A stroll be­neath the typ­i­cal Tori­nese por­ti­coes in via Po, packed with shops and cafés, is an ab­so­lute must. From here, you can ac­cess Pi­azza Vit­to­rio Veneto, the largest square in the city. The square ends at the Vit­to­rio Emanuele I bridge, which con­nects it to the square of the church of the Gran Madre di Dio (1830), renowned for its im­pos­ing pan­theon-like shape. 8


Also known as ‘the draw­ing room' of the city, it was com­mis­sioned by Marie Chris­tine of France in true Parisian style with seem­ingly end­less por­ti­coes hous­ing fash­ion bou­tiques, and an eques­trian statue - the ‘Caval d'Brons' – of Duke Emanuele Filib­erto of Savoy at its cen­tre. 9


This com­plex of build­ings built in 1916, based on a project by Matté Trucco to house the FIAT fac­tory (now FCA), still sym­bol­izes the wealth of the city. Re­con­verted by Renzo Piano in the 1980s, it hosts events and the fa­mous rooftop test track. The old Carpano plants, ly­ing ad­ja­cent to the Lingotto com­plex, are now oc­cu­pied by ‘Eataly's' vast food mar­ket. 10


The Car Mu­seum (MAUTO) was opened in 1960 and is one of the old­est car mu­se­ums in the world. The semi-cir­cu­lar build­ing over­look­ing the River Po acts as a pre­lude to the three floors of the col­lec­tion fea­tur­ing a spec­tac­u­lar lay­out de­signed by François Con­finio, who also de­signed the exhibition space of the Mu­seum of Cin­ema. 11


De­signed to host up to 41,507 spec­ta­tors, this is the sixth largest sta­dium in Italy. It is owned by the Ju­ven­tus Foot­ball Club whose home matches have been played here since 2011. An ar­chi­tec­tural sym­bol, it is one of the most avant-garde fa­cil­i­ties in the world. The J-Mu­seum, the of­fi­cial foot­ball mu­seum of the ‘bian­conero' team is hosted in­side the sta­dium. 12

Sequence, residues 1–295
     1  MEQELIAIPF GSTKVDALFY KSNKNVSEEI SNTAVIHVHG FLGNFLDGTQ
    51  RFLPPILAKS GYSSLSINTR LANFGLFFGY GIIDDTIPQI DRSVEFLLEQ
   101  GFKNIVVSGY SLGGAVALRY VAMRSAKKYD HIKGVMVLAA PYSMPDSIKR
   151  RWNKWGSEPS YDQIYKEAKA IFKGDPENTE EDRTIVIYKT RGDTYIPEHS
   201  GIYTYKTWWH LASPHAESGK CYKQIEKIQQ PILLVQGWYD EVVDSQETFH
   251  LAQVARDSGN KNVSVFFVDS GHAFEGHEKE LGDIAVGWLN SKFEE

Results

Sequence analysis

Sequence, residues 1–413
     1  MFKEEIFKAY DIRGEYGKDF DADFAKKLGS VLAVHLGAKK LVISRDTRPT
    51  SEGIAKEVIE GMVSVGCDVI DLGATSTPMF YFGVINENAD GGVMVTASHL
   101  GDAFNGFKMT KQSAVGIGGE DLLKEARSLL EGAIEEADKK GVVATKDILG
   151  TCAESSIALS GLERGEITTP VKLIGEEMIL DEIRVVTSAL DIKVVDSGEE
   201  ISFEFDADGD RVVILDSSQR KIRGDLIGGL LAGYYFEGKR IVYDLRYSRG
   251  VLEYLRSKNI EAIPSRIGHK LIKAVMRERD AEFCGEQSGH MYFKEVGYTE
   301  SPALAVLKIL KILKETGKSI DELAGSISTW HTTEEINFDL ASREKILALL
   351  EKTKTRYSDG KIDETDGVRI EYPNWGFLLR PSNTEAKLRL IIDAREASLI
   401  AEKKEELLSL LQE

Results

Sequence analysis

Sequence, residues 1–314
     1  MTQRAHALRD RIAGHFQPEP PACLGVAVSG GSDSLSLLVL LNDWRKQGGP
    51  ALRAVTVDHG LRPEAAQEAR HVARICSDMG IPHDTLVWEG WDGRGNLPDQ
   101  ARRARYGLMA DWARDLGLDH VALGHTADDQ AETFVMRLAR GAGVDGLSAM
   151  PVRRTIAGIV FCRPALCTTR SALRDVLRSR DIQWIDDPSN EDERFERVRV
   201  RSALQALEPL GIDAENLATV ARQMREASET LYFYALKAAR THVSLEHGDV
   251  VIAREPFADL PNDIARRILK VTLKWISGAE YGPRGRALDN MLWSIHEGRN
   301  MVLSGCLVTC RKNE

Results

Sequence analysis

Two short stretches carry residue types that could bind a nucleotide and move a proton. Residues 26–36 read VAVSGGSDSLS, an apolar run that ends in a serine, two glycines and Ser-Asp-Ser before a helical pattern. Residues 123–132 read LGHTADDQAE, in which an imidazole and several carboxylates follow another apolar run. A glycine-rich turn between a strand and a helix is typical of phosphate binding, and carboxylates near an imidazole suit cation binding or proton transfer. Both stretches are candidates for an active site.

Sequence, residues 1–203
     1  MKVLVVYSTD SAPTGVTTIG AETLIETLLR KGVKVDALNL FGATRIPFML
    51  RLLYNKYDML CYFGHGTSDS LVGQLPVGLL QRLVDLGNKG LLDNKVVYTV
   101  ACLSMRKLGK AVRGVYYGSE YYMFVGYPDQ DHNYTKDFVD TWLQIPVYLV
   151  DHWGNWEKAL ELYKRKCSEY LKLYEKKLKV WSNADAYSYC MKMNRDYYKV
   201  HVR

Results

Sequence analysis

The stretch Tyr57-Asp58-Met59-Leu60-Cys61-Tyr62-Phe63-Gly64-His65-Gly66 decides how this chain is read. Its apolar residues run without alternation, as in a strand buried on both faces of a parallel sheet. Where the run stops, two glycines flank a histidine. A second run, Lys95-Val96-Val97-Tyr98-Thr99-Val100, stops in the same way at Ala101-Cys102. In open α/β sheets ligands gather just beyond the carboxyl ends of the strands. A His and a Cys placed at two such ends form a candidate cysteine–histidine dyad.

Sit­u­ated on the hills sur­round­ing Turin, it offers a breathtaki­ng view. It was built as a thanks­giv­ing to the Vir­gin Mary for Turin's de­liv­er­ance from the French siege (1706) and de­signed by Filippo Ju­varra. One of the most pic­turesque ways of ac­cess­ing it is by the Rack Tramway, which rattles the 3km up the hill­side. 13


Lo­cated in­side the Park of La Man­dria, this is a Baroque-style com­plex built in the mid-17th cen­tury as a glo­ri­fied hunt­ing lodge for Carlo Emanuele II. Par­tic­u­larly wor­thy of note are the Grand Gallery, the Chapel of St. Hu­bert, the Gal­le­ria di Diana, the 18th cen­tury Scud­erie Ju­var­rine and the Citron­iera, now used to host events. It is a part of the cir­cuit of the Royal Res­i­dences of Turin and Pied­mont. 14


Built in Baroque style in 1729, and only 10km from Pi­azza Castello, with its French gar­den, Stupinigi was the royal fam­ily's favourite place for cel­e­bra­tions and events. At the be­gin­ning of the 20th cen­tury, Queen Margherita of Savoy took up per­ma­nent res­i­dence here. In 1919, Stupinigi be­came the head­quar­ters of the Fur­ni­ture Mu­seum. It is a part of the cir­cuit of the Royal Res­i­dences of Turin and Pied­mont, a UNESCO world her­itage site. 15